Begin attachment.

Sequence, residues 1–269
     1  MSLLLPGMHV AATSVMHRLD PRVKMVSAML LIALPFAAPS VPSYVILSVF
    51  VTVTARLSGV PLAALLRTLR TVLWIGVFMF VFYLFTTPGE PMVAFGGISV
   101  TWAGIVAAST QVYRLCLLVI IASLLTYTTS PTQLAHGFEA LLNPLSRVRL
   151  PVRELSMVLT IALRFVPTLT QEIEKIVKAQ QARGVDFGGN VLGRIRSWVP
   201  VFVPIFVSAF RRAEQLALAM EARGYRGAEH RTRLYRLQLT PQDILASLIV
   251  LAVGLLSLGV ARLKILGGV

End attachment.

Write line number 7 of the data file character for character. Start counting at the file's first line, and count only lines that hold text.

   251  LAVGLLSLGV ARLKILGGV